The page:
After a 20-year absence, Canon appears to be dusting off its love-it-or-hate-it Eye Controlled Focus system – a technology that skipped the digital age entirely, as it hasn't been used in any DSLR or mirrorless cameras.
Previously used in Canon's film cameras, the tech enables you to move your focus point simply by looking at it – the camera detects where your eye is looking and selects the point accordingly.
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The last time we saw Eye Controlled Focus was in the Canon EOS-3, which boasted 45 AF points (a dramatic uptick from the 5 AF points of the Canon EOS-5 / A2e and the 7 AF points of the Canon EOS 30 / Elan 7e). It was never made clear why the tech didn't translate to the digital era, though some suggested that the sheer number of AF points could be the issue (and something like the Canon EOS R5 has a staggering 5,940 AF positions).
Still, Canon first resurrected the technology with a fresh patent back in 2019, in the wake of the original Canon EOS R. That registration, spotted by Canon News, described an infrared LED working in conjunction with an algorithm to perform line-of-sight detection:
"The line-of-sight direction is detected by a predetermined algorithm, which will be described later, from the positional relationship between the eyeball imaged on the eyeball image sensor and the corneal reflection of the light sources".
Now the technology has been revisited, with a fresh patent unearthed by Northlight Images. Subject detection is now part of the equation (so the aforementioned algorithm might even incorporate Canon's Deep Learning AF) and also it can also recognize the user's iris and store past behaviors. It describes the process thus:
"An image capture apparatus detects a subject in a captured image. The image capture apparatus further recognizes its user based on an eyeball image of the user. The image capture apparatus then selects a main subject area from among the detected subject areas, based on information regarding subjects captured in the past and stored being associated with the recognized user."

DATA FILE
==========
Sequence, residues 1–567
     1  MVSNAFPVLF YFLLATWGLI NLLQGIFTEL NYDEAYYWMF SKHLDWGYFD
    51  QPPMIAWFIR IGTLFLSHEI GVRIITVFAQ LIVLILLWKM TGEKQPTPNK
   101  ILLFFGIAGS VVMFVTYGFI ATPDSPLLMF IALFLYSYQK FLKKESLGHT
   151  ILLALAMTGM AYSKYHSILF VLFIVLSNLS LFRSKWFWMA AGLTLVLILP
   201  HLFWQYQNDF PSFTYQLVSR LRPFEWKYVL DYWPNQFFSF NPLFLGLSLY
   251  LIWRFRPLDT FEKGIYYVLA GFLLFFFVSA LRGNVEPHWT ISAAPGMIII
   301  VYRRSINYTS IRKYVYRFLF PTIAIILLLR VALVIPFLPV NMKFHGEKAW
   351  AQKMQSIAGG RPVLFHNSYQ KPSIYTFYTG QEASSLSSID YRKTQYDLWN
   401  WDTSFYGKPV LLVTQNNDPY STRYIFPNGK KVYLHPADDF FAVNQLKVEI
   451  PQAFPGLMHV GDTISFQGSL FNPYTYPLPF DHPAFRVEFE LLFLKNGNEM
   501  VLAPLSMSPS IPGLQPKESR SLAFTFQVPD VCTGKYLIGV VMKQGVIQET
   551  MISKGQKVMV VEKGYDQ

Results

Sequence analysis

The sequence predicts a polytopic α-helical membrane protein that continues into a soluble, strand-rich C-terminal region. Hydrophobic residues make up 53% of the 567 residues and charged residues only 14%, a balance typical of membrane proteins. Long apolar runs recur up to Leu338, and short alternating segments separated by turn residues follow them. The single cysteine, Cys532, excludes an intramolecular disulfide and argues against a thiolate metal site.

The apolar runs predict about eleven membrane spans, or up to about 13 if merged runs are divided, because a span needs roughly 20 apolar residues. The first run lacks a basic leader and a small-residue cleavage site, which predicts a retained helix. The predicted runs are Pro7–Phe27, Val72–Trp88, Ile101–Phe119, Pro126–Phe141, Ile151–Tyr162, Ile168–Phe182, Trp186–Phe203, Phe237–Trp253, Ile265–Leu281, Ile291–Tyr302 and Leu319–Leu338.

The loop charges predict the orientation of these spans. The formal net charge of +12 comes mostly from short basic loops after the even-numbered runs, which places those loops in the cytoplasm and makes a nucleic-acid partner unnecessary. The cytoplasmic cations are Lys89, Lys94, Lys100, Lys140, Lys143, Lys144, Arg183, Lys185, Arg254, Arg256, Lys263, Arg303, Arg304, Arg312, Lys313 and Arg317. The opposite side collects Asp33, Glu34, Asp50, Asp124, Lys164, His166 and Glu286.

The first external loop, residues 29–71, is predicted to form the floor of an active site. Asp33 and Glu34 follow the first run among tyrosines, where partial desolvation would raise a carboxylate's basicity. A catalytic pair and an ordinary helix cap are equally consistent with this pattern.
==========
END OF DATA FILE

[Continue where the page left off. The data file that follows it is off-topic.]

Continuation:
Of course, as you might remember if you ever used the old Canon SLRs, the original system was pretty hit-or-miss. It either worked perfectly or it was a complete disaster, depending entirely on the user – and particularly whether they wore glasses, which always seemed to interfere with the system – and this is likely the reason that it didn't make it past the SLR age.
So why is Canon retreading old ground now, two decades on? It's likely that modern detection technology has finally caught up with the original bright idea. The original patent identifies the objective: "To improve user convenience by automating a calibration operation of a gaze position while accurately recognizing a subject in a subject recognition device having a gaze detection function."
Indeed, Canon described the EOS-3's Eye Controlled Focus as being "almost twice as fast and more precise" – and an AF system that moves at the speed of sight is certainly faster than using a joystick or tapping a touchscreen, so this could be a genuine game-changer if it ever comes to pass…